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Is Low Oil a Slippery Affair for US Shale Producers?

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Although there is a positive correlation between the fate of explorers and producers with oil price, the commodity’s current price is not low enough to halt shale players’ fracking operations.

With the advancement of technologies, well costs have declined drastically. Also, upstream energy players, with operations in key domestic shale plays, have reportedly hedged part of their 2018 and 2019 liquid volumes. These developments will likely insulate some of the key shale players from bearish crude landscape.

Oil Slips Below $50

West Texas Intermediate (WTI) crude futures recently fell to $49.41 a barrel, marking the lowest since Oct 9, 2017. This reflects rising supply by major producers and a soft demand outlook on fears of economic slowdown.

Through the week ended Nov 23, stockpiles of U.S. crude rose 3.6 million barrels to settle at 450.5 million barrels, per the U.S. Energy Information Administration. In fact, the inventory level not only rose for 10 straight weeks but is also above the five-year average mark by 7%. Temporary U.S. allowance to some nations to purchase Iranian crude despite Washington’s restored sanctions against the Islamic Republic is also driving global crude supply.

President Vladimir Putin reportedly made a comment that Brent crude, which is around $60 per barrel, is not hurting Russia’s economy and will not result in a deficit in government budget. The announcement days before OPEC’s Vienna meeting is making oil traders more bearish.     

US Shale Players to Defy Bearish Crude

Low Break-Even Oil Price

Most of the shale plays in the domestic market have the break-even oil price at significantly below $50, per a presentation by Pioneer Natural Resources Company (PXD). The break-even crude price for several domestic resources — like Permian, Eagle Ford and Bakken — is even below $30. A published article claimed that producers in all the three resources are benefitting from declining total well costs, which include expenses associated with drilling, pumping, fluid employed for activities related to hydraulic fracturing and proppant.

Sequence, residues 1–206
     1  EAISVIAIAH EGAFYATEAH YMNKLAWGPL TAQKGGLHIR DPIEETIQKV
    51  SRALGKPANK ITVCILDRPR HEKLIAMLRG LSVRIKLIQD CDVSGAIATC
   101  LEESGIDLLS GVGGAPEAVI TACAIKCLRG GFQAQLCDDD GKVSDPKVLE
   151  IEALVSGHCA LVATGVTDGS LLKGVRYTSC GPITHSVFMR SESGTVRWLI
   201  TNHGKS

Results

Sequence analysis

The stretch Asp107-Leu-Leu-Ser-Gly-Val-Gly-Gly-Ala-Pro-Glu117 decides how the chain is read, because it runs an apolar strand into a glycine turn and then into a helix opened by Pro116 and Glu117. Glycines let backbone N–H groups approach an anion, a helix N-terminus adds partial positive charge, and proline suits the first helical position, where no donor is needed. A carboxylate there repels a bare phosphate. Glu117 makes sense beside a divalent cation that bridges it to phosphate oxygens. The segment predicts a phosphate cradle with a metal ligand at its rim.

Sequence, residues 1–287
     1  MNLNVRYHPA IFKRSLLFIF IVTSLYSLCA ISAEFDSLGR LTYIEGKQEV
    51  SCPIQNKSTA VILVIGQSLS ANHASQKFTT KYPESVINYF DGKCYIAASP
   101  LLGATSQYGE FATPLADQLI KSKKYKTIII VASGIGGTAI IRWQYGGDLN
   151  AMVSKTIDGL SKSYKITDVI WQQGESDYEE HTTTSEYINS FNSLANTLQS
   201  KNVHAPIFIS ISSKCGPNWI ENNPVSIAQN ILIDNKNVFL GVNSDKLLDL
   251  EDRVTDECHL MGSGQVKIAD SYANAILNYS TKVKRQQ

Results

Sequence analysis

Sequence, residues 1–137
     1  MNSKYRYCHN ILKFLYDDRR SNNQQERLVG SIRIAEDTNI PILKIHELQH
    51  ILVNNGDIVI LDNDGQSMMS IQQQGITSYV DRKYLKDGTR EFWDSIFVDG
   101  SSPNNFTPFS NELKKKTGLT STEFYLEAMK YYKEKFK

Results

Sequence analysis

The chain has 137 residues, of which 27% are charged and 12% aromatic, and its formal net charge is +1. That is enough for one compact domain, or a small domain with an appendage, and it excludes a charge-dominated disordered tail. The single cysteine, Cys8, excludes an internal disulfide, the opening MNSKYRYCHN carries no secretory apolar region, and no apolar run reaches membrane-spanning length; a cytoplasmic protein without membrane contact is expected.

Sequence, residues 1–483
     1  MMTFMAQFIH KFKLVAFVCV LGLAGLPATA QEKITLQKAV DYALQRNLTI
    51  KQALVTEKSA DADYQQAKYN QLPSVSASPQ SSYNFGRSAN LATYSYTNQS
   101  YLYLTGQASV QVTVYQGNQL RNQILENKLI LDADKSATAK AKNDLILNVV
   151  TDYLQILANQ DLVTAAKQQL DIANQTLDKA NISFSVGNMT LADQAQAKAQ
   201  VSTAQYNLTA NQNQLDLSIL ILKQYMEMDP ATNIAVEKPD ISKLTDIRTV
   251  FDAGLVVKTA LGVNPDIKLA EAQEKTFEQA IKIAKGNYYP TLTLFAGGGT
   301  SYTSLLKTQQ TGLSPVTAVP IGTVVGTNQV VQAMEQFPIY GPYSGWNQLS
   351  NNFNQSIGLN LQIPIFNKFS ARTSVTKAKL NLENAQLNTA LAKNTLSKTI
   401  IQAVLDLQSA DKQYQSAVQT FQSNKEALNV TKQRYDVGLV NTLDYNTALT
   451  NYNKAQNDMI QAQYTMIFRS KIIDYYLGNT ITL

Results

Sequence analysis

Liquid Output Hedged

Energy research and consulting group Wood Mackenzie claimed that many upstream players, employing hydraulic fracturingtechnique, have hedged oil production to endure the volatility in commodity prices. Wood Mackenzie added that the companies have set their hedging in such a way that they will benefit when crude drops below $56 per barrel. Hence, the derivative contracts are insulating the companies as oil hovers around $50. Wood Mackenzie’s analysis revealed that derivatives contracts on average protected 45% of the U.S. drillers’ — only those firms employing derivative contracts — 2018 liquid production and 25% of next year’s output.   

Stocks to Keep An Eye On

Companies employing the hedging program or with operations in Permian, Eagle Ford or Bakken are well placed to defy the weak crude pricing scenario. We would want investors to keep a track of the following upstream players or continue to hold them if they are already in their portfolio. Each of the stocks carries a Zacks Rank #3 (Hold).You can see the complete list of today’s Zacks #1 Rank (Strong Buy) stocks here.

Per data provided by Wood Mackenzie, Concho Resources Inc. (CXO - Free Report) , among the leading oil producers in the prolific Permian Basin, has hedged more than 80% of its 2018 liquid production and over 60% of 2019 output.

Encana Corporation (ECA - Free Report) — with strong presence in oil-rich Permian and Eagle Ford core resources — has also hedged significantly more than 60% of its 2018 liquid volumes and slightly more than 40% of 2019 liquid output, the energy consulting firm added.

Denbury Resources Inc. (DNR - Free Report) is another upstream energy player that employed oil price derivative contracts to hedge considerably more than 60% of 2018 liquid production and close to 60% of 2019 output, added Wood Mackenzie.

Whiting Petroleum Corporation (WLL - Free Report) , with presence in the Bakken play, has covered more than 60% of 2018 liquid production under hedging program, according to the energy consulting group.

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